Written in response to the death of Peter Tchaikovsky (1893), Serge Rachmaninov’s Piano Trio in D Minor assumes the form of Tchaikovsky’s own A Minor Trio, which had been composed in response to the death of another musical pedagogue, Nicholas Rubinstein. The piano part thoroughly dominates the part-writing, the textures often exploding or sighing in the most startling contrasts, huge block chords dissipating into soft rolling arpeggios. The three fiery virtuosos captured here make musical lava out of many of the aggressive passages, which wax convulsive as only Rachmaninov can when in the throes of despair. The moments of melancholic intimacy find disturbing, modal harmonies in their midst which permit no real repose. Approaching the final pages, the three instruments collaborate in a tremolando sound like frenzied balalaikas‚ strumming a funereal dirge. The cello then emerges accompanied by the piano and violin for the tearful, even spiritualized conclusion.
The second movement, paralleling the Tchaikovsky Trio, is an extended theme and variations based on a motif from The Rock, Rachmaninov’s own tone-poem. The piano statement plays like a miniature by Grieg or Anton Rubinstein. Once again, Kniavez’s cello soars in grand passion while Makhtin’s violin delicately traces out Slavic arabesques. The microphone placement against Kniazev’s resonating pizzicati is a bit close, courtesy of engineer Neil Hutchinson. One variation is an orientale with shades of Cui and Rimsky-Korsakov’s Hymn to the Sun. The variation for violin and cello, a haunting nocturne with only a dry recitative piano accompaniment, reminds us that the operatic aria is no less a string in Rachmaninov’s harp. The last movement, a percussive Allegro risoluto which never really softens after its hysterical opening, finally admits some solace in the string writing. Berezowsky keeps the hammers pounding throughout, and the hothouse-fever effect exacerbates into a migraine which yields to the histrionic motif with which the entire Trio began.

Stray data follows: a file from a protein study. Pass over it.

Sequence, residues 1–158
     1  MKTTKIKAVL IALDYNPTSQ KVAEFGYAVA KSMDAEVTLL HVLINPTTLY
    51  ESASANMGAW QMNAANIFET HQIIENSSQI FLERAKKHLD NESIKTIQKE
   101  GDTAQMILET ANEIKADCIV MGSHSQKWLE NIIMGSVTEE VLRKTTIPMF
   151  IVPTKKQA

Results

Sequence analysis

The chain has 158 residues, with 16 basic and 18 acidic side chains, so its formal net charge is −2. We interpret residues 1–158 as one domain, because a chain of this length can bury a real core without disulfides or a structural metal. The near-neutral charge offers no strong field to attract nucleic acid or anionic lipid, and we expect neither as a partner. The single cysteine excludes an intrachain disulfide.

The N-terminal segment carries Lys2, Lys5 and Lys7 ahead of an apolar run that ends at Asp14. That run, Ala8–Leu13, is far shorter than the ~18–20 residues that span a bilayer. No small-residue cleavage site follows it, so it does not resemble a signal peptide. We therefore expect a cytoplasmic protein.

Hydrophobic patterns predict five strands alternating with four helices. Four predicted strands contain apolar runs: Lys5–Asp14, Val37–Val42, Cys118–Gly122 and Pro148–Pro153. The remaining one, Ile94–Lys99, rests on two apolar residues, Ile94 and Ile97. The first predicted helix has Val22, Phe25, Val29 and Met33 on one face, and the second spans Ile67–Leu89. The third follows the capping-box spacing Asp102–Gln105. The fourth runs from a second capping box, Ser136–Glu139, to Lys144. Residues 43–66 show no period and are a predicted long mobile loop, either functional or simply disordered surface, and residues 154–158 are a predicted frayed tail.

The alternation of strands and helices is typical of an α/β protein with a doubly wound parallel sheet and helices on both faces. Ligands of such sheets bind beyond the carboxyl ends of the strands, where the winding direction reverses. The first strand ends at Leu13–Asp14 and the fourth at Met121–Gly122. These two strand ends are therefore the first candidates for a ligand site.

Shostakovich composed his Second Piano Trio as a memorial for musicologist Ivan Sollertinsky, to be counted among the many victims of Nazi and Soviet hatred against Jews. The Hebraic element can be detected throughout the composition, which begins most eerily, the cello in high harmonics, the violin low, and the piano an octave plus below the violin. This desolate mist disperses reluctantly for the violin’s opening Hebraic song, then a dark-toned two-voiced dance by the piano in which violin and pizzicato cello participate. A savage irony pervades the development of the first movement whichA infiltrates the vociferous second movement Allegro con brio as well. As a demonstration of the instrumentalists’ iron technique, these two movements are competition pieces. Close miking again, so we can hear violinist Makhtin’s breath intakes during the anguished Largo movement in B Minor; then, strong pizzicati take us into the Hebraic dance-finale, Berezowsky’s punctuations thrilling and punishing. The latter third of the movement takes the emotional turmoil down, but sudden upheavals inject themselves bitterly. The coda is Elie Wiesel. A great deal of emotion on this superb CD, perhaps not to be ingested at one sitting. Highly recommended, especially for those who enjoy rare glimpses of Rachmaninov’s chamber pieces.